You would produce an entry in the map with key “eat the” and value {"apple","pear","pickle","apple"}. Note again that duplication is okay as long as it faithfully reflects the contents of the input text.

User interface

Your executable should accept two required parameters (the name of the input text file and the number of words to produce) and one optional parameter (the value of n). If n is omitted, use a default value of 3. For example:

./babbler drseuss.txt 100 4 # babble 100 words using 4-grams
./babbler drseuss.txt 50    # babble 50 words using 3-grams

Babbling

Now it is time to randomly generate a stream of words. Pick a random n-gram from the input. Do not grab one from the map, as it is difficult to do so in a truly random fashion. Instead, grab one directly from the input token list, or if you made a list of n-grams, pick one at random from the list.

Output only the last word from the n-gram. Then discard the first token from the n-gram, giving you a prefix of length n-1. Use this to lookup all words that followed this prefix in the original text, and randomly pick one of those words. Use it to form the next n-gram.

For example, if you had “three blind mice” as your n-gram (and you output “mice” to the console), you would discard “three” and look up all n-grams that start with “blind mice”. Say the list of 3rd words included “lost”, “ate”, and “ran”. You should randomly pick one of those 3rd words, say “ate”, and append it onto “blind mice”, yielding “blind mice ate”.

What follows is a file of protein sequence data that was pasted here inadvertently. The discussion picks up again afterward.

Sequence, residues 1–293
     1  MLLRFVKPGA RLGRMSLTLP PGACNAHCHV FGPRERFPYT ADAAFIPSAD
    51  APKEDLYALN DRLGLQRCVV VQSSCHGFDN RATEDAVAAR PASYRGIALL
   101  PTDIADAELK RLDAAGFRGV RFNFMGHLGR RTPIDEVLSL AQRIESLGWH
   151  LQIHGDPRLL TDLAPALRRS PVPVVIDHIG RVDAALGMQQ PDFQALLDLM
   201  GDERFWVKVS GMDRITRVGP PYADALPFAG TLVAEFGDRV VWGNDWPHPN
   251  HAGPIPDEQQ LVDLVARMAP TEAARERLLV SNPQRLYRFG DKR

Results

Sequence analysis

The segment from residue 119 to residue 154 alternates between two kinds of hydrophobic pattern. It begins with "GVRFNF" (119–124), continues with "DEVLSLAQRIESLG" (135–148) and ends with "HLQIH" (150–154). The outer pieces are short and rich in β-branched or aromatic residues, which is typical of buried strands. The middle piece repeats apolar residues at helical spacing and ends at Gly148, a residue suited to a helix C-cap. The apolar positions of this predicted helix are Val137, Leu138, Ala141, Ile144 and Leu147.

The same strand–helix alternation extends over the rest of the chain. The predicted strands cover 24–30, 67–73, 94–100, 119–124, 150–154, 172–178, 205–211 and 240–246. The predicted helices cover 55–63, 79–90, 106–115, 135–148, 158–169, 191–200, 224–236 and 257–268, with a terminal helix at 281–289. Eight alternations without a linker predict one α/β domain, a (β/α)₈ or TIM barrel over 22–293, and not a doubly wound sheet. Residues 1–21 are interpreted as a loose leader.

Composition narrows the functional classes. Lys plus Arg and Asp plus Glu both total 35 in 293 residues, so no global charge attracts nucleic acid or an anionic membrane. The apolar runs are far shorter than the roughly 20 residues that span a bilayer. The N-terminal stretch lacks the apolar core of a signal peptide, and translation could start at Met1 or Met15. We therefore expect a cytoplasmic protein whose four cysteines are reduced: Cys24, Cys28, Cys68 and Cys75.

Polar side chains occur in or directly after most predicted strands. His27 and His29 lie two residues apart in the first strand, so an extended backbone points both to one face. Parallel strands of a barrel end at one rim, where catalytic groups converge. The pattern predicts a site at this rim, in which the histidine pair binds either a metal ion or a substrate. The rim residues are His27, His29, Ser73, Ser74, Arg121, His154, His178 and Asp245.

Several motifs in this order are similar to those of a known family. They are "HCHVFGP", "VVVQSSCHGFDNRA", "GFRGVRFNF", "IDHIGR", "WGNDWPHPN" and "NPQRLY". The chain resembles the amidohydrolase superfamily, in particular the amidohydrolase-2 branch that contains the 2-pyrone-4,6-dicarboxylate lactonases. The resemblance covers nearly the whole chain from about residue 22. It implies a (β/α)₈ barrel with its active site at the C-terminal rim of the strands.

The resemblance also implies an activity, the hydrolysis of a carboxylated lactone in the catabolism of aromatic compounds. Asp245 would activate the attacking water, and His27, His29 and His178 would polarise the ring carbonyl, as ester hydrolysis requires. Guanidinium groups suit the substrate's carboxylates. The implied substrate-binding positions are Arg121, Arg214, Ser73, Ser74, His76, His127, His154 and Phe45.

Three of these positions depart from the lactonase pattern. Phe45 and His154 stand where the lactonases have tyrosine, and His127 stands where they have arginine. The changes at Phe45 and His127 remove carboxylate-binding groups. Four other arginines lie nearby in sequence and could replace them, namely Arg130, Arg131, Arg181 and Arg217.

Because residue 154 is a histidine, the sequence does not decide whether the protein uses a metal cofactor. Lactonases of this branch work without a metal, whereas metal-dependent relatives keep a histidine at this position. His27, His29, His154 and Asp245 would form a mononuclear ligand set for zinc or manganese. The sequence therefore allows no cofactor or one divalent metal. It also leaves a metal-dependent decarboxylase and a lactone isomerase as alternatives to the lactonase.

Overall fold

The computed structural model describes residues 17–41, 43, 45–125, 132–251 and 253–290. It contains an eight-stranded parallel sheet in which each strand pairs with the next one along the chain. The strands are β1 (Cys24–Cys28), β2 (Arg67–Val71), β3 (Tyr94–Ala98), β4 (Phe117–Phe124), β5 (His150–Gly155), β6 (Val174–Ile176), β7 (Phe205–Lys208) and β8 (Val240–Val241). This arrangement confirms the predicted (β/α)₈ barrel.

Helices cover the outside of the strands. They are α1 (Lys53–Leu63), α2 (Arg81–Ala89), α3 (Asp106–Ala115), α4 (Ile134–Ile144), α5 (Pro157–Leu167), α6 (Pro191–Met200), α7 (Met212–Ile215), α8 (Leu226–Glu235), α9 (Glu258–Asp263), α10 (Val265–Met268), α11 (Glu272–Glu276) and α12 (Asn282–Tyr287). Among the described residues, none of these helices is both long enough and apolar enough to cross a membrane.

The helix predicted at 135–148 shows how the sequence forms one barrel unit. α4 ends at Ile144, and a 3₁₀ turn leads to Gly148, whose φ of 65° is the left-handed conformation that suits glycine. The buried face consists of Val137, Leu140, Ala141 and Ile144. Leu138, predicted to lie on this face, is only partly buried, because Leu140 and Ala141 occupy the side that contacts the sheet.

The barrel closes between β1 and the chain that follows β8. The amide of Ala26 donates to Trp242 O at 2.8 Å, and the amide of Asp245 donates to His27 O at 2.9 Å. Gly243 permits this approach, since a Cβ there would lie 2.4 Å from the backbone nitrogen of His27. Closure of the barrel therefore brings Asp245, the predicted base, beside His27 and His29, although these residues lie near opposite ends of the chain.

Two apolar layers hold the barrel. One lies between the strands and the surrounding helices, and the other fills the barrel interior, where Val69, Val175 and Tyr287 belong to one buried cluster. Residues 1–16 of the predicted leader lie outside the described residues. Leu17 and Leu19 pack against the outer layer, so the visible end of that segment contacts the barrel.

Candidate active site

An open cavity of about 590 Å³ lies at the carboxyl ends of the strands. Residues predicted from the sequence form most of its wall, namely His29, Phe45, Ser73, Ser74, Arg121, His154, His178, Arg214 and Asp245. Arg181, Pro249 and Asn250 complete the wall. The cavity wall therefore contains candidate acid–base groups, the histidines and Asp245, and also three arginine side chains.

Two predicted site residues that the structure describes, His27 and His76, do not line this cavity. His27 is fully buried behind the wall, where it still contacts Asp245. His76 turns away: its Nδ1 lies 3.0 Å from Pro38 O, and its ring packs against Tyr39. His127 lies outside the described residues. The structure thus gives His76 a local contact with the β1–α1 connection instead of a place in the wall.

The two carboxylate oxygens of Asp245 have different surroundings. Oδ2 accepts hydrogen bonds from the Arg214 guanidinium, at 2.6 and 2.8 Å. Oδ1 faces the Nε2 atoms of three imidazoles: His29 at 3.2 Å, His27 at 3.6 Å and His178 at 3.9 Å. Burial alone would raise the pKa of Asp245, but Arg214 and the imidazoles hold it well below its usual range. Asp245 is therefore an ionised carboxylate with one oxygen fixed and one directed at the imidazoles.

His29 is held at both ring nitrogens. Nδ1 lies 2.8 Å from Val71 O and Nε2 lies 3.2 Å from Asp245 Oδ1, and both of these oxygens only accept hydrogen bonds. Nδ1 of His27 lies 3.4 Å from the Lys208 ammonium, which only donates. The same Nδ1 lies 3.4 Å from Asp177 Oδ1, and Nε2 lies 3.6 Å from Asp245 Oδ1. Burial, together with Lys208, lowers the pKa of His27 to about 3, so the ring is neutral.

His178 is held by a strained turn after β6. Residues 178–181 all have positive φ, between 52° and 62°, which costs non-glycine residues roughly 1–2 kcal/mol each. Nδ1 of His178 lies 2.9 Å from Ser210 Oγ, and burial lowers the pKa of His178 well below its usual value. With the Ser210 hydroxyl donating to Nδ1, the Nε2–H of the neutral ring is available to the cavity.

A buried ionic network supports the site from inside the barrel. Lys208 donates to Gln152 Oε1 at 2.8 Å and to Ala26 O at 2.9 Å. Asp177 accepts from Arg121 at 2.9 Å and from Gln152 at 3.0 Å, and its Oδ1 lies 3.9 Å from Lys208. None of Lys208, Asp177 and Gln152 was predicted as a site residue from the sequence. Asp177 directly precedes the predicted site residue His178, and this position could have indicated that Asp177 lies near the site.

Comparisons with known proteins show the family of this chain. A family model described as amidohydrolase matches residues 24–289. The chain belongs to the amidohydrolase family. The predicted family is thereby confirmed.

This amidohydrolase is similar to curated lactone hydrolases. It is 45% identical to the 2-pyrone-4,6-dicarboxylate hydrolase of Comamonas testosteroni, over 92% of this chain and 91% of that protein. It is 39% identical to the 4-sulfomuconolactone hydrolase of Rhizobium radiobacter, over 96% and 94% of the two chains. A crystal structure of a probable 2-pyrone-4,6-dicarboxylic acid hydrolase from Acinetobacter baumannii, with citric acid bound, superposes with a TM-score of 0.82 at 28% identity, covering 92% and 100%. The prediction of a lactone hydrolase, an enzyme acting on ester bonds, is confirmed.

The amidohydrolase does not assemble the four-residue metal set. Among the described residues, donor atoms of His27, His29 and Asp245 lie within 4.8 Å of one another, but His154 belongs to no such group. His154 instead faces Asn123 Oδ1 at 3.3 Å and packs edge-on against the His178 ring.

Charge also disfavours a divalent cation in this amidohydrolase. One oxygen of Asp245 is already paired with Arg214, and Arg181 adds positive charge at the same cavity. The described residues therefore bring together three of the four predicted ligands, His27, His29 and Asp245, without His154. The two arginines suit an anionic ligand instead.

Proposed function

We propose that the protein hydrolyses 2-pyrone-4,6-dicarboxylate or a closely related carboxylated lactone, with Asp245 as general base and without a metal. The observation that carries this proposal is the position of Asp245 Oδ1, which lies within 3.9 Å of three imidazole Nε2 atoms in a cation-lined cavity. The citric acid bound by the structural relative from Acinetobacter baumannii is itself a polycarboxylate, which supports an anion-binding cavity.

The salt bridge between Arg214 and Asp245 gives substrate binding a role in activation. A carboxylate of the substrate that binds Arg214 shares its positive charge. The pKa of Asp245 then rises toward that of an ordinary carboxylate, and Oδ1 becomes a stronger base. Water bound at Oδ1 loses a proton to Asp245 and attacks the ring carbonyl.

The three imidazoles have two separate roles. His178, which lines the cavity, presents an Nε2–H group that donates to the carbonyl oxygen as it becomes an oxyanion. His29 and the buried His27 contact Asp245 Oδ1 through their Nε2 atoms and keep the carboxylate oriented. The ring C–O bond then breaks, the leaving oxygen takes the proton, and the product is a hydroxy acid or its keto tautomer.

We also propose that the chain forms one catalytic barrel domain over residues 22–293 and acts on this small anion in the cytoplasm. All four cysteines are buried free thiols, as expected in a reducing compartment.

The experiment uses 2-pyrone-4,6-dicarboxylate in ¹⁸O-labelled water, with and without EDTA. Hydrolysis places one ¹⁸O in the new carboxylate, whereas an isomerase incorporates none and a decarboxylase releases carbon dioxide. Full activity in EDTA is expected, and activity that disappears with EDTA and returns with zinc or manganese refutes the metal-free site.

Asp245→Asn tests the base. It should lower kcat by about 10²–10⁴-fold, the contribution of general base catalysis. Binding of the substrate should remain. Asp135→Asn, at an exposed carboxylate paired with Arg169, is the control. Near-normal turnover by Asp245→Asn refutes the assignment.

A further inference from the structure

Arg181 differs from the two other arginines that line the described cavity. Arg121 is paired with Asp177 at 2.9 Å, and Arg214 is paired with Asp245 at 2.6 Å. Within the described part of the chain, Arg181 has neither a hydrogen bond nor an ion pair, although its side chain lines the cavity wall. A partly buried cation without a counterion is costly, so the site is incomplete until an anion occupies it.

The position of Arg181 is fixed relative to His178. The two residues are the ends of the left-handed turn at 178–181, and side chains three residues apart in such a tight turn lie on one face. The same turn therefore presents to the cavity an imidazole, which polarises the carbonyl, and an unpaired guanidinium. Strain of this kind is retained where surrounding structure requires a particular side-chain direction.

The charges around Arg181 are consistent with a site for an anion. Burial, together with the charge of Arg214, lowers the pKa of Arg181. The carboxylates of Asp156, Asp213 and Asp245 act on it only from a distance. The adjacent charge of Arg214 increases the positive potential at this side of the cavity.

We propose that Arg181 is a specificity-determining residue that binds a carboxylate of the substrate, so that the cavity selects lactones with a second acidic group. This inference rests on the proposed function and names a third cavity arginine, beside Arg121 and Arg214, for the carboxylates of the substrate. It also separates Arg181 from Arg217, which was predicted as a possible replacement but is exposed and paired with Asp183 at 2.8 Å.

Then output the new last word (“ate” in our example”) and repeat by chopping off the first word (“blind”), finding all n-grams that start with the n-1 length prefix (“mice ate” in our example), and randomly choose the next word from that list.

Repeat this process until you have emitted exactly the number of tokens that the user asked for when invoking the babbler.

Markov chains revisited

Let us examine why the output is a Markov chain.

The states are n-grams from the original text. The next token (and thus the next n-gram) chosen at each step is picked from the list of alternatives generated from the original text. By retaining duplicates, the probability that a given word will be chosen is driven by the frequency with which it occurred in the original text.

The tokens are printed to the console as you go, but the history of the babbled sequence is ignored when choosing the next word to babble.